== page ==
Specifies the interval, in milliseconds, between the sending of DTIMDelivery Traffic Indication Message. DTIM is a kind of traffic indication map. A DTIM interval determines when the APs must deliver broadcast and multicast frames to their associated clients in power save mode. in the beacon. This is the maximum number of beacon cycles before unacknowledged network broadcasts are flushed. When using wireless clients that employ power management features to sleep, the client must revive at least once during the DTIMDelivery Traffic Indication Message. DTIM is a kind of traffic indication map. A DTIM interval determines when the APs must deliver broadcast and multicast frames to their associated clients in power save mode. period to receive broadcasts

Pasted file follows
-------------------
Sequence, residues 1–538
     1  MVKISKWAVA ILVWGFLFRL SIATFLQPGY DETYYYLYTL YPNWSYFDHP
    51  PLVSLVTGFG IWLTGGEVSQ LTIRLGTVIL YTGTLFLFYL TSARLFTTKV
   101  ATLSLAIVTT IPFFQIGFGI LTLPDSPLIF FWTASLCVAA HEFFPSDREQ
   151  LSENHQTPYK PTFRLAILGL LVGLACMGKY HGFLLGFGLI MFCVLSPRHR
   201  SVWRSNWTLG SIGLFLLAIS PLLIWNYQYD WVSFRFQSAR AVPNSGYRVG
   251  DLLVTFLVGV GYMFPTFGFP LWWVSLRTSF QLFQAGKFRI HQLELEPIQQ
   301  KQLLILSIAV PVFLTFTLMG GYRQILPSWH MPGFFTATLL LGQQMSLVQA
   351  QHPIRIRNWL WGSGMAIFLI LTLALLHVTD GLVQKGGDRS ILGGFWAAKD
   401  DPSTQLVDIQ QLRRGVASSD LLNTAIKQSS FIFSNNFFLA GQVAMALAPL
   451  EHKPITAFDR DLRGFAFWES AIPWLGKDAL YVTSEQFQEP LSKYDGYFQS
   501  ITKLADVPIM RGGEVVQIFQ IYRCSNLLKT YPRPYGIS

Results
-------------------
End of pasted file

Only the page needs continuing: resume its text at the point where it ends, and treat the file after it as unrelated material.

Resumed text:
802.11a802.11a provides specifications for wireless systems. Networks using 802.11a operate at radio frequencies in the 5 GHz band. The specification uses a modulation scheme known as orthogonal frequency-division multiplexing (OFDM) that is especially well suited to use in office settings. The maximum data transfer rate is 54 Mbps. Basic Rates

Select the set of supported 802.11a802.11a provides specifications for wireless systems. Networks using 802.11a operate at radio frequencies in the 5 GHz band. The specification uses a modulation scheme known as orthogonal frequency-division multiplexing (OFDM) that is especially well suited to use in office settings. The maximum data transfer rate is 54 Mbps. rates, in MbpsMegabits per second, that are advertised in beacon frames and probe responses.